Hundreds of Libyans marched in the capital Tripoli on Sunday evening to protest deteriorating living conditions and denounce corruption in the war-torn country, witnesses said.
Angry at extended cuts to power and water, and long lines at petrol stations, the mostly young people marched in the streets of the city center, chanting slogans including “No to corruption!“
Libya, which sits atop Africa’s largest proven crude oil reserves, has endured almost a decade of violent chaos since the 2011 NATO-backed uprising that toppled and killed veteran dictator Muammar Qaddafi.
The war-weary country is plagued by water shortages and power blackouts that snuff out air-conditioners in the searing summer heat.
The deplorable situation has been compounded by the novel coronavirus pandemic, which has depressed global oil prices and spread in the country despite social distancing measures.
“We are tired of living without hope,” Ayman Al-Wafi, a young man in his twenties, told AFP by telephone from the protest.
Ignoring restrictions in place to curb the spread of the virus, the protesters marched in front of the seat of Libya’s Government of National Accord (GNA) before gathering in Martyrs’ Square.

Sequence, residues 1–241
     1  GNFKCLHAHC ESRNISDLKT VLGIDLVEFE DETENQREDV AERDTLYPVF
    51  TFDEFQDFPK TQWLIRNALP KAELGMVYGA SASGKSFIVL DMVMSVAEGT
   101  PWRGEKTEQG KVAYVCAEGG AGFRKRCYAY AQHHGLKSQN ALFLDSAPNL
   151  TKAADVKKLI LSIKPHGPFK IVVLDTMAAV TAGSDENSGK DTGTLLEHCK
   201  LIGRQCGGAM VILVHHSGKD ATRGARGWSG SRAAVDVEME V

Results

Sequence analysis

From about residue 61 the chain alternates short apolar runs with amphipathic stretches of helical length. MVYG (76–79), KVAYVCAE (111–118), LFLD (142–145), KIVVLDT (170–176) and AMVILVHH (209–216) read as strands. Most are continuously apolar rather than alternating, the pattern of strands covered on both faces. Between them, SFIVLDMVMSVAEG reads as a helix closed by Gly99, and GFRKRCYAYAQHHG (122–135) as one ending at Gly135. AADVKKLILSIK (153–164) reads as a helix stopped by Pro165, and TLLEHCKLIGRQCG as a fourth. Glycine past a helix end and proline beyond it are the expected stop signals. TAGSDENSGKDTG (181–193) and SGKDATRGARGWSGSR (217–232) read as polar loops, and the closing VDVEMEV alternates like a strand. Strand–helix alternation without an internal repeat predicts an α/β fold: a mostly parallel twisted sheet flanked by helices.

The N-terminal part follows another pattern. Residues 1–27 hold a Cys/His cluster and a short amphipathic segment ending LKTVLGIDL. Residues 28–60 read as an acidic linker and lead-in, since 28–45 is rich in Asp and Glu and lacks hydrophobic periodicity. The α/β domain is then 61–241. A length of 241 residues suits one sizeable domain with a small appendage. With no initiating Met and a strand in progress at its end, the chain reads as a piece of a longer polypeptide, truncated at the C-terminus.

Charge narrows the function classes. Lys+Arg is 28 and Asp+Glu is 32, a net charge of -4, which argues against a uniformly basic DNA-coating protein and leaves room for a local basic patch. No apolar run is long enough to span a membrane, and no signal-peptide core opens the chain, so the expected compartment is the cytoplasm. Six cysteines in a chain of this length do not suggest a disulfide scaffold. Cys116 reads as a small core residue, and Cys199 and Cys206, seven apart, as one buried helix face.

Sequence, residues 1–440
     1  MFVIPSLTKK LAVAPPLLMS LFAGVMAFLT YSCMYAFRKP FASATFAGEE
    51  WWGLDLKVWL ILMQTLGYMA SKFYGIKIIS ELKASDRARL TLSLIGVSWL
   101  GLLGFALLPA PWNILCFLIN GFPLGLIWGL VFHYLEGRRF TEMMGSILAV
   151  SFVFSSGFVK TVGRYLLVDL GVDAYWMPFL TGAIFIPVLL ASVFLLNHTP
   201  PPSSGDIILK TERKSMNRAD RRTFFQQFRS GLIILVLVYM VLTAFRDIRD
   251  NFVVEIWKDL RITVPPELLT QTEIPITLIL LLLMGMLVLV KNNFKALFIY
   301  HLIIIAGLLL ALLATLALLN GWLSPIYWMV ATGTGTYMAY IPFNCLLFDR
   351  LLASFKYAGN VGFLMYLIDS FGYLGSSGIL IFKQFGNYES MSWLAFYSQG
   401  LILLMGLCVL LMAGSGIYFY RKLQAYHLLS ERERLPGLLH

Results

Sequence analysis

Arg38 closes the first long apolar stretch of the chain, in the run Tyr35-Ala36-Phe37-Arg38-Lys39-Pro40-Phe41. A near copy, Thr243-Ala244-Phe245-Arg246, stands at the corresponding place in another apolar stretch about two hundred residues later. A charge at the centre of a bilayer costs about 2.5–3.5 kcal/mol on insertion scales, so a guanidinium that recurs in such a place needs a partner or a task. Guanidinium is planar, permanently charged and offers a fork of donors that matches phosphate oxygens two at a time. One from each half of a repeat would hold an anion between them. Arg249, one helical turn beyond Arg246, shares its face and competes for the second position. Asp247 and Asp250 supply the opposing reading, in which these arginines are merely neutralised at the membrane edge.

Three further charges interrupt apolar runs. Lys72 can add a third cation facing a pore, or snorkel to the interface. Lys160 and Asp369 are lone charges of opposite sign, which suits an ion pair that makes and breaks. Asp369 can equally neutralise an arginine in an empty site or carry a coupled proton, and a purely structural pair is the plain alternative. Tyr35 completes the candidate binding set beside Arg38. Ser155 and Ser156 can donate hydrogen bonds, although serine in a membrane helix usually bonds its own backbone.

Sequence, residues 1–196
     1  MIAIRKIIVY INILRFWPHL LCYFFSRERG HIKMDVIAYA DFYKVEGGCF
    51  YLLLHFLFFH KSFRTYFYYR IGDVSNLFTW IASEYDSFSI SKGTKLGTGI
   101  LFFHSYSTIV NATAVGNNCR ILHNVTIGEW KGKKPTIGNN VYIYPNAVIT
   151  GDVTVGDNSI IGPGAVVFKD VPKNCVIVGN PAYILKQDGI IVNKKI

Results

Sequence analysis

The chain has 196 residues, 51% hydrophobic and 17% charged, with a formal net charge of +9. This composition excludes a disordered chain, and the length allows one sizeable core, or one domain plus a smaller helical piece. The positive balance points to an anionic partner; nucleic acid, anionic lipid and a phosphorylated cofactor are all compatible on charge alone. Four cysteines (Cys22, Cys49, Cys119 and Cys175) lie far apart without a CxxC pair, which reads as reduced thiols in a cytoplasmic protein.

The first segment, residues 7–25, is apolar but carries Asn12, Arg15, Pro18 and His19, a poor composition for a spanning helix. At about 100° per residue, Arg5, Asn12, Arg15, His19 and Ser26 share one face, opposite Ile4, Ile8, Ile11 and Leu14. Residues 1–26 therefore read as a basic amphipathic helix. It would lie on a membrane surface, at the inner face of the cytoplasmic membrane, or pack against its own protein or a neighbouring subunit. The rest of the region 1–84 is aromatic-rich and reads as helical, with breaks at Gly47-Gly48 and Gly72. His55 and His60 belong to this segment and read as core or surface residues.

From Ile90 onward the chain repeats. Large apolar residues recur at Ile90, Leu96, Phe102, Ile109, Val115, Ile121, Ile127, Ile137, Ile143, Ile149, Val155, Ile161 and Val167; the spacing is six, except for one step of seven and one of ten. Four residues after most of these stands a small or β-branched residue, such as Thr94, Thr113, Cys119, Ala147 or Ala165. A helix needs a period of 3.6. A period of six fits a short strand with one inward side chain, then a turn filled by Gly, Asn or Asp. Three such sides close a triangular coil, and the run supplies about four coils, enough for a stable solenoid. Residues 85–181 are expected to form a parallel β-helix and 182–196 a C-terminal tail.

Police vehicles and security forces were present at the march, according to witnesses and videos shared on social media.
Al-Wafi later told AFP that protesters had left Martyrs’ Square after “security forces started firing in the air.”
The protest comes just two days after the country’s warring rival administrations announced separately that they would cease all hostilities and hold nationwide elections.
The surprise announcement Friday was made by Fayez Al-Sarraj, head of the UN-recognized GNA, and Aguila Saleh, speaker of the eastern-based parliament backed by military strongman Khalifa Haftar, who launched an abortive offensive in April 2019 to seize Tripoli.
But the prospect of a let-up in violence came as coronavirus cases skyrocketed 15-fold in Libya since June, the ICRC said, warning this was further deepening a dire humanitarian crisis.
“Infrastructure all over the country is falling apart. People have little electricity, drinking water, sanitation, or medical care in the middle of a growing pandemic,” International Committee of the Red Cross president Peter Maurer said in a statement.